Howard Teacher of the Year is 'one of a kind'

As Howard County Teacher of the Year, Hammond's Jody Zepp will represent the county at state education events next year.

She describes the award and the recognition as "overwhelming," but Zepp is looking forward to something else even more.

"I'm looking forward to getting back to my students and teaching my new two AP classes [next year] and having this wonderful learning together and continuing to increase their critical thinking skills," she said. "It's not about dispensing truth, it's about seeking truth together."

Zepp was named Howard County Teacher of the Year in April.

A psychology and government teacher at Hammond High School for the past five years, Zepp previously taught in the Montgomery County Public Schools system for seven years.

Zepp launched Hammond's Academy of Government, Law and Public Relation, one of just two in the county.

During the 2014-15 school year, the program will add new courses, including two taught by Zepp.

"I can't wait to get into the classroom to see what she is doing," said Hammond Assistant Principal Nicole Harryman.

Harryman, who initiated Zepp's application for the Agnes Meyer Award as county teacher of the year, describes Zepp as "all business," but at the same time, she is someone who students trust and know they can go to.

"The thing is, she loves what she's doing," Harryman said. "We won the jackpot when we got her on board."

A family of teachers

Zepp hails from a family of teachers.

Her father, Ira Zepp Jr., was a professor at what is now McDaniel College and was influential in desegragation in Westminster and throughout Carroll Country. Zepp's mother, Mary, was an elementary school teacher. Both parents are deceased.

Her sister, Karen, is a music teacher at Bryant Woods Elementary School in Columbia and her brother, Alan, is an English teacher at Westminster High School.

According to her sister, Zepp is "one of a kind" in the classroom.

"She has this uncanny ability to reach every student, no matter what ethnicity or level of ability," Karen Zepp said. "She's extremely passionate and dedicated about what she does."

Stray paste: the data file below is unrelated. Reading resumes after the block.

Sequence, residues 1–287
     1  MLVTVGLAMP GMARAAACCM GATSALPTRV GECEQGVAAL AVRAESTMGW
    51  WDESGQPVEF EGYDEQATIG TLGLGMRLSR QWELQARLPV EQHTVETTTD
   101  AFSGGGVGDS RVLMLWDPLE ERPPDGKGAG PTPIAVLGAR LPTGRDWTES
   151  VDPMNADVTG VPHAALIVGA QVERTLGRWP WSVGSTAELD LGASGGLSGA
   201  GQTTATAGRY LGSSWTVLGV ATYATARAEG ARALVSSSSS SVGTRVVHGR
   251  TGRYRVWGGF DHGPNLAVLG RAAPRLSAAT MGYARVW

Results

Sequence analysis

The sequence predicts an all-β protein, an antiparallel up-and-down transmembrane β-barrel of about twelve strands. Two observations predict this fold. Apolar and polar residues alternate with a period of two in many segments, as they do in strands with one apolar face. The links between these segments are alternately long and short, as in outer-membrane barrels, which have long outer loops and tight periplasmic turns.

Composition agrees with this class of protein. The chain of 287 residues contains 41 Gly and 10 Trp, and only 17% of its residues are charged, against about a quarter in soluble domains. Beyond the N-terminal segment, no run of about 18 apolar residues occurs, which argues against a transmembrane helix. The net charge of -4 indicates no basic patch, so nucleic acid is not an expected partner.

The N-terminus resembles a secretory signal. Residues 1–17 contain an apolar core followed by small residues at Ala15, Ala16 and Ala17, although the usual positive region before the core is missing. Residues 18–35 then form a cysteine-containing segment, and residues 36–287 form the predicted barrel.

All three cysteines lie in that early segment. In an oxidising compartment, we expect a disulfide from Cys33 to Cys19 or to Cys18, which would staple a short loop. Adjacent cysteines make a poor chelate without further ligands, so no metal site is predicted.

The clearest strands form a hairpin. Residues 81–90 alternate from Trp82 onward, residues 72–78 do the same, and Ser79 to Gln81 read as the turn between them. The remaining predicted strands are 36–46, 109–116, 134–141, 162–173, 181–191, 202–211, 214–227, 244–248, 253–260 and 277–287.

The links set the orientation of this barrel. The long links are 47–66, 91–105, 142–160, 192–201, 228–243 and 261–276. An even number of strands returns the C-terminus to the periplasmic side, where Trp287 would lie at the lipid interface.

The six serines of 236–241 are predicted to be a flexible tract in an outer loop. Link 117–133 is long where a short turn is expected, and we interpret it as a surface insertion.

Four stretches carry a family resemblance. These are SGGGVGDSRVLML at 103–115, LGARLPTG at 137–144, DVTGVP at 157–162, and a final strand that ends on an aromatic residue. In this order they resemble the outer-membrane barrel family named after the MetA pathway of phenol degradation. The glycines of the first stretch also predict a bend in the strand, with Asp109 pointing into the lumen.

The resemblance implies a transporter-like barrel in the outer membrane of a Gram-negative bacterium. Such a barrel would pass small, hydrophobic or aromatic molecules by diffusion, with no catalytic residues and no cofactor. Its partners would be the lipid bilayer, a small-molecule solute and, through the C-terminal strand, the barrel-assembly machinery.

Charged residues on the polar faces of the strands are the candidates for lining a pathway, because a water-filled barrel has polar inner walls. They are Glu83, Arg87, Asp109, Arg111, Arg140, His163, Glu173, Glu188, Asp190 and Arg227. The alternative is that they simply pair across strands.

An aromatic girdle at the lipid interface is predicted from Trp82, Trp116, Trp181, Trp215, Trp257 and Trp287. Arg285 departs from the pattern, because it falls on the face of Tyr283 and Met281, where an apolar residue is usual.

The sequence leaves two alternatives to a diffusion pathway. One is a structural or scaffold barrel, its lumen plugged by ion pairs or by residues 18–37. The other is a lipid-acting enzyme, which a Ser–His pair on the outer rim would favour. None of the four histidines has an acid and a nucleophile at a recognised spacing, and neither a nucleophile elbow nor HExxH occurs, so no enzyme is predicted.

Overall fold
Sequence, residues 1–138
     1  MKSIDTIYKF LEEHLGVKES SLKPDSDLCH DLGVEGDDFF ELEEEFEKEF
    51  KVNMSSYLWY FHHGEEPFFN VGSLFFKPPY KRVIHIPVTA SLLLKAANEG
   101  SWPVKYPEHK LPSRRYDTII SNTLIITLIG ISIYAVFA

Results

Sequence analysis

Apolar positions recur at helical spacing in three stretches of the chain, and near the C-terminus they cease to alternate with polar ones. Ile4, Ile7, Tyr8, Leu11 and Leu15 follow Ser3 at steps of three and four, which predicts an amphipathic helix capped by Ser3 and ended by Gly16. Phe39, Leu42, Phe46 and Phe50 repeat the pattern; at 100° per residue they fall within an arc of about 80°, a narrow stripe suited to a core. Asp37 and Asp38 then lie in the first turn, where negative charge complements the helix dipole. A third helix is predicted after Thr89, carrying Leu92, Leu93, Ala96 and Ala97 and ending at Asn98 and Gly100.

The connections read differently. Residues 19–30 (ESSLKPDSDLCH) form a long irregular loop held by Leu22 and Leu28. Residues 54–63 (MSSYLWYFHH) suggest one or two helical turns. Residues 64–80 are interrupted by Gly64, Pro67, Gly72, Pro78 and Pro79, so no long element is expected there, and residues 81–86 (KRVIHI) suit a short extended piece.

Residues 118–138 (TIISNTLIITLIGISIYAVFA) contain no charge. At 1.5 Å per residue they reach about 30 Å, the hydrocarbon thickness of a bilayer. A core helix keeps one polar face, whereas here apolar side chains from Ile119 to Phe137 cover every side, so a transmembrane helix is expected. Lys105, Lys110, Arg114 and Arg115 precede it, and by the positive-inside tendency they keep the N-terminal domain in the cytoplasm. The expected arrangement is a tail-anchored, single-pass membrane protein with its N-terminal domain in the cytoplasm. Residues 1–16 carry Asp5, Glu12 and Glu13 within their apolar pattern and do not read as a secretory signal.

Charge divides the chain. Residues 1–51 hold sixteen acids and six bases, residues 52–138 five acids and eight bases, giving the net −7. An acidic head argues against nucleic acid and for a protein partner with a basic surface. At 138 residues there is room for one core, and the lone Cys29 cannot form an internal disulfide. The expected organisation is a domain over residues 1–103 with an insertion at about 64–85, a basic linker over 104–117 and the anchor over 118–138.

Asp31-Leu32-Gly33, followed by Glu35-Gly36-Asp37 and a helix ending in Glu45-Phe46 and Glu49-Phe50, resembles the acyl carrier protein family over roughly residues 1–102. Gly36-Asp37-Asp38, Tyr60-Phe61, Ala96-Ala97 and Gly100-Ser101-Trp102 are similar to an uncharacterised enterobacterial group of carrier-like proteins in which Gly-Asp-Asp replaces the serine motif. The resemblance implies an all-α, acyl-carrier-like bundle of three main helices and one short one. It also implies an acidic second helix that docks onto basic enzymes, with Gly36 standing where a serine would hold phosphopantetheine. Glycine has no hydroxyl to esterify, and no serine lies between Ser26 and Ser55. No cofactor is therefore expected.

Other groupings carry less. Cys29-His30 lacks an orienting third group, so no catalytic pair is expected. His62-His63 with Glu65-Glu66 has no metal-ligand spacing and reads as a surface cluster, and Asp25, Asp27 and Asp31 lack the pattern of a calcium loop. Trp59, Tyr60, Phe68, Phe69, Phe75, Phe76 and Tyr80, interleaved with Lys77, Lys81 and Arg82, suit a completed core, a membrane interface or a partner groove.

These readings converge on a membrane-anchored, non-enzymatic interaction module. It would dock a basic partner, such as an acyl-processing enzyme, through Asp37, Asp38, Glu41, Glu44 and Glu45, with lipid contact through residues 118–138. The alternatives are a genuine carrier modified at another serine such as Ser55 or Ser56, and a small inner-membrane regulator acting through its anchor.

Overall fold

Zepp, in her 11th year at Bryant Woods, said her parents are the primary reason she and her siblings entered the profession.

"Since we grew up around it, we saw how our parents could impact the students," she said. "Just being surrounded by that and seeing how you can influence people to learn and inspire a love of learning, it's powerful."

For Jody, it's emotional to talk about her parents' impact on her career.

"They would have been thrilled," she said, holding back tears.

High expectations

When discussing her teaching philosophy, Zepp is demonstrative with her hand motions, setting the bar here with her hand in the air before bumping it up a little bit.

"Out of the gate, they know that if they need to be here, I'm going to be here," she says, motioning with her hands. "Immediately, it sounds like yikes to them, but soon enough they know that I am walking with them every step of the way."

She describes her career as one that she "really lives and breathes."

"They [students] know that I want them to learn and I do what it takes for them to get to where they need to be," she said.

Harryman was involved in Zepp's interview five years ago and recognized how knowledgeable Zepp was about her profession.

"Right away, I could tell this particular person is someone who is really dedicated to the profession," she said. "She is such a solid teacher all around."

Milgram Asch

Zepp was presented with the Agnes Meyer Outstanding Teacher Award April 11 at Hammond by Superintendent Renee Foose.

But it wasn't without some trickery by her students.

During a class where students were learning about the sociological research done by Stanley Milgram and Solomon Asch on conformity, a voice from the main office boomed through the loud speaker, saying simply, "Milgram Asch."

Shortly thereafter, Zepp's students got up from their seats and asked if they left in unison would it insubordination or conformity. Thinking this was a joke, Zepp first went back to teaching and then tried to call the main office before eventually following her students to the school choir room where she was presented with the award.

For Zepp, the recognition has been "overwhelming."

"Who seeks this in teaching when it's a vocation and a calling. I sought a way to serve and that is why I am in the classroom," she said.

Zepp said she hasn't fully embraced the idea that she is teacher of the year since the last day of school isn't until June 20.

"It's an honor," she said of the award. "How do you articulate being honored for that which gets you up every morning."

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